Peace, Stella Kirsten (1996) Organisation and dynamics of amphiphilic systems at the air - water interface. Doctoral thesis, Durham University.
The behaviour of polymeric amphiphiles, specifically systems containing poly( methyl methacrylate), PMMA, and poly(ethylene oxide), PEO, spread at the air water interface is reported. An amphiphilic graft copolymer containing a PMMA backbone and PEO side chains forms the main subject of the study. Films of PMMA spread onto a 0.1 wt.% solution of PEO have also been considered. Due to the presence of a surface excess, both PEO and PMMA populate the surface and the latter system provides a model of the graft copolymer. Monolayer behaviour has been characterised by recording surface pressure isotherms. It has been demonstrated that the behaviour of the graft copolymers is highly composition dependent, exhibiting characteristics associated with the constituent homopolymers. In contrast the surface pressure isotherm for PMMA on PEO solution is quite unlike that for PMMA on water. Details of the structural organisation in these systems have been determined using neutron reflectometry. The surface organisation adopted by the graft copolymers varies as the surface concentration increases. The PEO side chains penetrate the subphase and stretch increasingly whereas the PMMA backbone behaves much like the homopolymer. This is in contrast to the behaviour of PMMA on PEO solution where the PMMA occupies a wider region of the interface. The structure of the adsorbed PEO differs from that of the bare solution but maintains a constant surface excess. Dynamic behaviour has been studied using surface quasi elastic light scattering. For the graft copolymers surface wave evolution is very unusual. The dilational parameters provide evidence, e.g. a negative dilational viscosity, indicating that surface wave propagation is complex and not described fully by current theories. Similar behaviour is exhibited by PMMA on a PEO solution. These features are believed to be associated with subphase penetration and are discussed in this context.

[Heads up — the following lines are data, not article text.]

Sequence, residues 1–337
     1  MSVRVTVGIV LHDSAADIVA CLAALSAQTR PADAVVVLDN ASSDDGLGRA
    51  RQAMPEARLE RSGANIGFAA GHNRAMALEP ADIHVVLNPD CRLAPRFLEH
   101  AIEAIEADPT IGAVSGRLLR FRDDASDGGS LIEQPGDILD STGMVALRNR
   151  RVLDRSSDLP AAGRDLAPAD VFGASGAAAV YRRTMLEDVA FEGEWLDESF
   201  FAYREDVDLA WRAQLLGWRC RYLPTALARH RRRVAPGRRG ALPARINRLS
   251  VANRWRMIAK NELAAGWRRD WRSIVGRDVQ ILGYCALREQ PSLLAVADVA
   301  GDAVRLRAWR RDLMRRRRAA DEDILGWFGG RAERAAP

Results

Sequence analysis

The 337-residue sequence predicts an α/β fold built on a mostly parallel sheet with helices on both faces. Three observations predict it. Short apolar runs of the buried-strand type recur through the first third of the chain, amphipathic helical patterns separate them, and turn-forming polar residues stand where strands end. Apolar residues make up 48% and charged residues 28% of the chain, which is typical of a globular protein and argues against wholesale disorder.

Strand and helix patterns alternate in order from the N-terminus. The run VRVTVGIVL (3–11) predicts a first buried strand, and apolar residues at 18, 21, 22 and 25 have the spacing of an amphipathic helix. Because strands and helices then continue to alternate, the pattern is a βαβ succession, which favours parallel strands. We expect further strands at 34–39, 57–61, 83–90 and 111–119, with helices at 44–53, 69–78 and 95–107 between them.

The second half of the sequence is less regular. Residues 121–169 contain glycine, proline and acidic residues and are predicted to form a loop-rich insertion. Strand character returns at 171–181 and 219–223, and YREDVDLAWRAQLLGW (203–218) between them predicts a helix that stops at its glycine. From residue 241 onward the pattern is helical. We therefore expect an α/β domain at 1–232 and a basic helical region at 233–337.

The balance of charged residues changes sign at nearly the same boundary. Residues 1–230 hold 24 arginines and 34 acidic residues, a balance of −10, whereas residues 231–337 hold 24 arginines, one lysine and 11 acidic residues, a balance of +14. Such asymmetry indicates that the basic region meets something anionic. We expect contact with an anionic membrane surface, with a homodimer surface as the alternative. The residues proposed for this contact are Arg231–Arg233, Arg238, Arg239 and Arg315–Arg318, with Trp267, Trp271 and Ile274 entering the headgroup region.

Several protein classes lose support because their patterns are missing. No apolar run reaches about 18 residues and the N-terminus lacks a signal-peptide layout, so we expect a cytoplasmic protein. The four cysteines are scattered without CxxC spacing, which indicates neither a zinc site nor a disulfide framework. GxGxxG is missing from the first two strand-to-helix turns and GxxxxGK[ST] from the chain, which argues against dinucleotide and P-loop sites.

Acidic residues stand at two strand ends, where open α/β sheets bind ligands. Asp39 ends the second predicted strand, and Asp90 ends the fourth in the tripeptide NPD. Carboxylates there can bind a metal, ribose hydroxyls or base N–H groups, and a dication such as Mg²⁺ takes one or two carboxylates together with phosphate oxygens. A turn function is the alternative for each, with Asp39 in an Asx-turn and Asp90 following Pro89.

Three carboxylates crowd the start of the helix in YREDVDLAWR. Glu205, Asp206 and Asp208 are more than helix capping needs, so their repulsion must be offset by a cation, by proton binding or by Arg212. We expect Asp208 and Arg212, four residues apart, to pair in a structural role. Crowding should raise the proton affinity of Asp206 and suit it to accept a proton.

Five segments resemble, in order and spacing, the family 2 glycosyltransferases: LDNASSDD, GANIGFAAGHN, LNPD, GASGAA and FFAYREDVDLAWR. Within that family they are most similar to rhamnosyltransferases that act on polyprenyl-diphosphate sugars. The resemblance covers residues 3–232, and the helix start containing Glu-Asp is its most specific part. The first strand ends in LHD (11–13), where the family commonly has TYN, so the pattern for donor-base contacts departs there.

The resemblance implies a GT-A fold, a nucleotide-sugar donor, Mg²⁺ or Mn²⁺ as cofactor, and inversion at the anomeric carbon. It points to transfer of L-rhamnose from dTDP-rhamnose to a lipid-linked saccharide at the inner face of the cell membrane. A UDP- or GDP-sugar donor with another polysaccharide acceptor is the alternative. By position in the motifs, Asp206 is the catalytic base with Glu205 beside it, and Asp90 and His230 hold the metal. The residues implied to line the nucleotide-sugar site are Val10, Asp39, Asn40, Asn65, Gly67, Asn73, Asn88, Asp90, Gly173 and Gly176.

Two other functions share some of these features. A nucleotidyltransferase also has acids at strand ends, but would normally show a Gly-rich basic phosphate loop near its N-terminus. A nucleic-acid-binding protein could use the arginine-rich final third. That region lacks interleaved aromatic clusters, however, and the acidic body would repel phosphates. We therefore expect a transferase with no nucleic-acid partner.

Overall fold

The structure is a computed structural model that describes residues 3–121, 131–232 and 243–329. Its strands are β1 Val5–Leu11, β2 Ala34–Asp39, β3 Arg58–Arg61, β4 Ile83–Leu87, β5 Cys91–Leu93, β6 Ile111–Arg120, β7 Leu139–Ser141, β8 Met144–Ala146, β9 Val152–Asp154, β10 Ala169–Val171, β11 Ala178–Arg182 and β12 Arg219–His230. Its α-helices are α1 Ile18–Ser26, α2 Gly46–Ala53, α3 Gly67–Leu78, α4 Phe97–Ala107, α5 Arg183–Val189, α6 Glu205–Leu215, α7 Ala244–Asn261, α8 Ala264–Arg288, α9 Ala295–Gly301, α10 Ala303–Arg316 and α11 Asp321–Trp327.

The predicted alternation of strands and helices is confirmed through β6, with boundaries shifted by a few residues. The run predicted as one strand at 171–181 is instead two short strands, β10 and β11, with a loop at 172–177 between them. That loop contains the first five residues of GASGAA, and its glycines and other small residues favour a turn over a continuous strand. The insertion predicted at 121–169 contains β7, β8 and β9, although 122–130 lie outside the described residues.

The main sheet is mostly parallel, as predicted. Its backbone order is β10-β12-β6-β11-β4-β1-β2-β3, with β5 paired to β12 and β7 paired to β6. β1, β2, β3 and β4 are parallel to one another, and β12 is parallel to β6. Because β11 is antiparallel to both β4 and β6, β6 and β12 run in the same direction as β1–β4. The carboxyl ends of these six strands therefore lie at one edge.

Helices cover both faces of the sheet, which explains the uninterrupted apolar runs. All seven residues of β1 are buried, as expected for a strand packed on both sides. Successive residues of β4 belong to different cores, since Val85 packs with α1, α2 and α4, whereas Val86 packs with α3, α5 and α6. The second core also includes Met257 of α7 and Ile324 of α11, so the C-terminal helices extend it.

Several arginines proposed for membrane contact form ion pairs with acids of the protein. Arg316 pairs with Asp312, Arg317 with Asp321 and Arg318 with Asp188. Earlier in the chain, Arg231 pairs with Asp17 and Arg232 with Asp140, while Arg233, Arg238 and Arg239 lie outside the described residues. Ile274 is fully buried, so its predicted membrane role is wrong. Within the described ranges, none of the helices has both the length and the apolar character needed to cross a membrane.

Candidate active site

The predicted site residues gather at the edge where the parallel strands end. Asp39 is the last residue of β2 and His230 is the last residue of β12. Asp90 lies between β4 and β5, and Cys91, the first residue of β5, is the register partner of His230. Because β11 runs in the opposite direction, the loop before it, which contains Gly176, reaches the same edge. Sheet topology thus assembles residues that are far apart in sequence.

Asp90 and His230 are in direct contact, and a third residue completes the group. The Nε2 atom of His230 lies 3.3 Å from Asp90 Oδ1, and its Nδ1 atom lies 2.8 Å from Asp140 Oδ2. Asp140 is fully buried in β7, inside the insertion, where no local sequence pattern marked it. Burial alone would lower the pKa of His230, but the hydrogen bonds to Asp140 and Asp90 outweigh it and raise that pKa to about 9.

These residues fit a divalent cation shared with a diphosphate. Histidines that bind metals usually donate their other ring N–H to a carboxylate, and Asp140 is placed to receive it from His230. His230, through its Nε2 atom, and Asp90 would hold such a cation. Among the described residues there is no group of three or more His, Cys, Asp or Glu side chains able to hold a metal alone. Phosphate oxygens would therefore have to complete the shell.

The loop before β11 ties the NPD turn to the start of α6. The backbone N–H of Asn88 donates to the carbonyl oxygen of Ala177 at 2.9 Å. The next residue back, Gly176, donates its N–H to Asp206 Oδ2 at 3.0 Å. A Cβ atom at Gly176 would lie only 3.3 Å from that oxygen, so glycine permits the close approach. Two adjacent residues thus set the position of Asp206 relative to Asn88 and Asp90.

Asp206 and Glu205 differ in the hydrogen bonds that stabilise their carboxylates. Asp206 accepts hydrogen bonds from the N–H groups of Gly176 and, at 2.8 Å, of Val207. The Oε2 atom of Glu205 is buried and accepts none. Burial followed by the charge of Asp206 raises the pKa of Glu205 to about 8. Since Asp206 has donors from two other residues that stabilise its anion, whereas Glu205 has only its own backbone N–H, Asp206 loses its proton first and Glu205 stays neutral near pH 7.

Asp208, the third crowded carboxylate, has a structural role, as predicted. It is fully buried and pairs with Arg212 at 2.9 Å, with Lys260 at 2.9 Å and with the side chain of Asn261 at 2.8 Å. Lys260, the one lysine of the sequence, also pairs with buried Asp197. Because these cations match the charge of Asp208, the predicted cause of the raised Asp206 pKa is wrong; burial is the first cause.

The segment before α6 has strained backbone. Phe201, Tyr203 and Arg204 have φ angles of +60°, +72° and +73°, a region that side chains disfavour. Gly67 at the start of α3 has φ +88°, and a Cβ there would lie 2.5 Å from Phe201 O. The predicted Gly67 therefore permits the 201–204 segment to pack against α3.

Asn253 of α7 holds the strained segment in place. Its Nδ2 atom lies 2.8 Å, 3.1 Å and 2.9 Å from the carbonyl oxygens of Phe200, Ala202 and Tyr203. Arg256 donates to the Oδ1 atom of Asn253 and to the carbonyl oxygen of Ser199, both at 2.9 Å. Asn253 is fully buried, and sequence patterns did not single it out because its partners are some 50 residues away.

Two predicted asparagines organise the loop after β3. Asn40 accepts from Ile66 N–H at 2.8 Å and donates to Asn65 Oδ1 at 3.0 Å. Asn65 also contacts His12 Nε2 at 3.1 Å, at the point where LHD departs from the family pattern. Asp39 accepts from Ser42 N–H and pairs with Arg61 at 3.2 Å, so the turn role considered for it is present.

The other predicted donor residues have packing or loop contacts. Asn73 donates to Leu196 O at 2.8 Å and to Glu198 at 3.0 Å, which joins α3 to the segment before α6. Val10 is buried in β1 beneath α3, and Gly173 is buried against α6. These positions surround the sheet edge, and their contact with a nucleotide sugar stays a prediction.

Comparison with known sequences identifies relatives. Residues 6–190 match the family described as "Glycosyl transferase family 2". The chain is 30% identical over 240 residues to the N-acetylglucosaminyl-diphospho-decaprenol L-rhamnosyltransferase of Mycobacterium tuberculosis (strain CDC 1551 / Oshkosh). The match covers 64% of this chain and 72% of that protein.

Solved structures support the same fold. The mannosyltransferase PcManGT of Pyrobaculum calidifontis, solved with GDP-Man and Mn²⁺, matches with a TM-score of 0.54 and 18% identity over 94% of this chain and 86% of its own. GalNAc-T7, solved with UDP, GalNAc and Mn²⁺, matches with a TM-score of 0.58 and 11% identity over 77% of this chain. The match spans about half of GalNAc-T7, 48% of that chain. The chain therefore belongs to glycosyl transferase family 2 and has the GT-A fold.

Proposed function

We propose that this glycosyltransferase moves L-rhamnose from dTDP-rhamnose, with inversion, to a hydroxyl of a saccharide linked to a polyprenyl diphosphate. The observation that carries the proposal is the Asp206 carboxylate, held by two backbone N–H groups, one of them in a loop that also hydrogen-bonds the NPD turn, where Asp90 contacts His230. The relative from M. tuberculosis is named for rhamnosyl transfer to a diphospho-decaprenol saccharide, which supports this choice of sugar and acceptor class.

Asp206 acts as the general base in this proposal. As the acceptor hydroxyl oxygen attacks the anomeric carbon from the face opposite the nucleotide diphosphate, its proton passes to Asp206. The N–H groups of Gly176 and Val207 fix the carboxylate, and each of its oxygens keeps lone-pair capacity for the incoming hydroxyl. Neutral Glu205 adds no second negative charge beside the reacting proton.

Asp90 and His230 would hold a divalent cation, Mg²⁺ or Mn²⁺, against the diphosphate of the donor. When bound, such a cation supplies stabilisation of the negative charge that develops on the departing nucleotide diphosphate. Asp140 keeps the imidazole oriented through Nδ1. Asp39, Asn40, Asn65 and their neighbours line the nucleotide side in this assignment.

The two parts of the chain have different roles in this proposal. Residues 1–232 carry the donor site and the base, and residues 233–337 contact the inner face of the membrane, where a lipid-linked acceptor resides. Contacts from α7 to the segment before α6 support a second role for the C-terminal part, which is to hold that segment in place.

|Item Type:||Thesis (Doctoral)|
|Award:||Doctor of Philosophy|
|Copyright:||Copyright of this thesis is held by the author|
|Deposited On:||24 Oct 2012 15:10|